In general, the CLRRA process starts with a Phase I Environmental Site Assessment and an agreement to pay the oversight costs incurred by the Department of Toxic Substances Control or a Regional Water Quality Control Board. The statutory immunities trigger at this early juncture. Thereafter, the applicant works through four “streamlined” steps: site assessment, cleanup planning, public comment, and implementation/completion certification. The objective is to make the site safe for its intended use(s) as defined in local planning and zoning documents, not to evaluate and cure every conceivable issue associated with the historic chemical impacts.
Needless to say, the statute has technical intricacies. This brief survey should be taken as encouragement to work with experienced practitioners (both legal and technical) when pursuing a CLRRA site. It must also be noted that the legislative effort to enact the original CLRRA statute involved a good amount of awkward sausage making. Certain sites are ineligible for CLRRA treatment for reasons that defy logic and sound public policy. The statute clearly can be improved, hopefully in the upcoming legislative session now that SB 820 has resolved the looming sunset issue.
Nonetheless, CLRRA’s enactment and SB 820 represent huge steps forward for California’s ongoing efforts to revitalize urban areas, build affordable housing, and pursue smart growth management.
We previously shared with you the critical role that the late Justice Antonin Scalia played in landmark Supreme Court land use decisions. So now let’s look at how Judge Merrick Garland, President Obama’s current nominee for Justice Scalia’s seat, might shift the ideological leanings of the Court on environmental issues, if confirmed.
Although leading experts are still analyzing Garland’s past opinions to discern his potential influence on future Supreme Court environmental law decisions, there appears to be universal agreement that Garland’s addition would make the Court more likely to defer to agencies’ regulatory interpretations, rulemakings, and rule implementation. In particular, those legal analysts have found consistent deference to actions of the Environmental Protection Agency. As SCOTUSblog noted in 2010, “Judge Garland has in a number of cases favored contested EPA regulations and actions when challenged by industry, and in other cases he has accepted challenges brought by environmental groups.” Indeed, according to Bloomberg, one third of Garland’s dissents have been over challenges to agency decision-making. In all of those dissents, Garland sided with the agency.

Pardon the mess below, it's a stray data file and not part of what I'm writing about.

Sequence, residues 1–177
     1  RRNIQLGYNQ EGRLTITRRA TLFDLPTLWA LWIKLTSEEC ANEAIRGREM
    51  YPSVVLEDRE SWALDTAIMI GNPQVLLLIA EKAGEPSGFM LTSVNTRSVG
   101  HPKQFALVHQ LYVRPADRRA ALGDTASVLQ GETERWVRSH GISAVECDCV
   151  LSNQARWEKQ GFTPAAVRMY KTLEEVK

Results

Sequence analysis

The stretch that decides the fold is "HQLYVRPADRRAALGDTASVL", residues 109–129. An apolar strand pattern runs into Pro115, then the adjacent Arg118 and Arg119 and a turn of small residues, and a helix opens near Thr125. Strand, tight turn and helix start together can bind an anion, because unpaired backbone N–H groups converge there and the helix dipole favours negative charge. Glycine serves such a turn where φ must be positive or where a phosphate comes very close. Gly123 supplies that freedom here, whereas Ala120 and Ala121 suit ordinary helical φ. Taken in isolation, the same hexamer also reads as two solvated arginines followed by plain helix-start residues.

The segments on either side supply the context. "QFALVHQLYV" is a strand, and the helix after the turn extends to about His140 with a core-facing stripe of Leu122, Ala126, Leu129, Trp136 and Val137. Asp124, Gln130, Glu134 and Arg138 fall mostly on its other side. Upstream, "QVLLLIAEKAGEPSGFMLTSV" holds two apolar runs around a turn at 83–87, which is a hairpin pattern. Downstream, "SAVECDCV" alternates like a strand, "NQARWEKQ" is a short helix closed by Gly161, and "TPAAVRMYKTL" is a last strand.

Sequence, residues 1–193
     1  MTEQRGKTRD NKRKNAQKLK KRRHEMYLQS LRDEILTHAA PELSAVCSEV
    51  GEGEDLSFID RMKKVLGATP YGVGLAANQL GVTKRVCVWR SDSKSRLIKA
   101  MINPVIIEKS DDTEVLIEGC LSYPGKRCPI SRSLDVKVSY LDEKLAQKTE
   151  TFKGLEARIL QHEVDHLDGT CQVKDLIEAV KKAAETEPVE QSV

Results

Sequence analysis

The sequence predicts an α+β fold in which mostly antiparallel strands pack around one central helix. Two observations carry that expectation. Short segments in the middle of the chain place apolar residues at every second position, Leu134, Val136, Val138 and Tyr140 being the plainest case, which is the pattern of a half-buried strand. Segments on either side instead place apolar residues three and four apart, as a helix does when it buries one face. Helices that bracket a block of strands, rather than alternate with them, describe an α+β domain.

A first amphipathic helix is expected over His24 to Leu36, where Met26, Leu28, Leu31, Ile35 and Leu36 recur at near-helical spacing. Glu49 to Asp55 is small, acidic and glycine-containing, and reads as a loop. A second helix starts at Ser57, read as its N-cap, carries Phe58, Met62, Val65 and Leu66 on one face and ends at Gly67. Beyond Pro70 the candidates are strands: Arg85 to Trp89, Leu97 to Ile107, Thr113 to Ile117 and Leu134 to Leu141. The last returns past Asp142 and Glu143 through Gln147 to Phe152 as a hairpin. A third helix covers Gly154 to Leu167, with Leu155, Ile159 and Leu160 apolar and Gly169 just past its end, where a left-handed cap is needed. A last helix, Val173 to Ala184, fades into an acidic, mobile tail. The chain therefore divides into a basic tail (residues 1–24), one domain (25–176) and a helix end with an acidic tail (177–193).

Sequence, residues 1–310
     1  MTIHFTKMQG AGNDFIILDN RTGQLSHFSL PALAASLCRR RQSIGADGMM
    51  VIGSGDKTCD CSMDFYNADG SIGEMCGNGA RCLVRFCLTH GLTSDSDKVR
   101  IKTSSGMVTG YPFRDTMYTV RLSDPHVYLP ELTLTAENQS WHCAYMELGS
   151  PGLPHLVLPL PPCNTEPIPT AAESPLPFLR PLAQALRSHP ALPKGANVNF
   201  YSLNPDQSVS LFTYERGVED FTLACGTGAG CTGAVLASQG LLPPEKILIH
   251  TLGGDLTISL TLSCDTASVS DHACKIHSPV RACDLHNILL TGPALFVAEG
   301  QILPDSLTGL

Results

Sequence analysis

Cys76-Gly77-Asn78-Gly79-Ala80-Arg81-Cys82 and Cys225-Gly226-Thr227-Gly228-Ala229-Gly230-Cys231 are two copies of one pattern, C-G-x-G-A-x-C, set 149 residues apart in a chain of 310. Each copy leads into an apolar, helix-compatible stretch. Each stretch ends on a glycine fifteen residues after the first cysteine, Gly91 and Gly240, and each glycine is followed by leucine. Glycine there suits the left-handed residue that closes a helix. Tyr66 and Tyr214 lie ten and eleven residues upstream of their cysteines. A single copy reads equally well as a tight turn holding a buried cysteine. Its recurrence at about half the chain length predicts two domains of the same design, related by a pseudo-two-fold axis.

UCLA Law Professor Ann Carlson analyzed three important Garland decisions, two majority opinions and one dissent. From these opinions, Professor Carlson deduced that Garland is likely to afford great respect to EPA’s judgment where that judgment is grounded in good science and the public interest. Carlson expects Garland to be likely to defer to the EPA or, where he rules against the EPA, to side with environmentalists on the grounds that the EPA has not gone far enough to enforce the law. Continue reading →
Are there circumstances where it would be possible to change, for example, the general plan land use designation of a 1,000 acre parcel from “open space” to “residential,” “mixed use,” and/or a hotel use without complying with the California Environmental Quality Act, even though potentially significant impacts could result from the change? In one of this year’s more important land use decisions, the California Supreme Court has answered that question with a clear and affirmative “Yes.”
The context of the Court’s decision is that of a “qualified” voter-sponsored ballot measure. For most local jurisdictions (i.e., a city or a county), a measure “qualifies” for the ballot when at least fifteen percent of the number of registered voters within the jurisdiction sign a petition to place the proposal on the ballot. Once sufficient signatures are confirmed, the legislative body of that jurisdiction (the City Council or the Board of Supervisors) has the choice of either placing the measure before the voters or approving the measure itself without change. Those are the only options. It has long been clear that if the measure is placed on the ballot and approved by voters, CEQA does not apply. However, the California Supreme Court has now determined that if the City Council or Board of Supervisors approves the measure itself rather than sending it to the voters, CEQA still does not apply. Continue reading →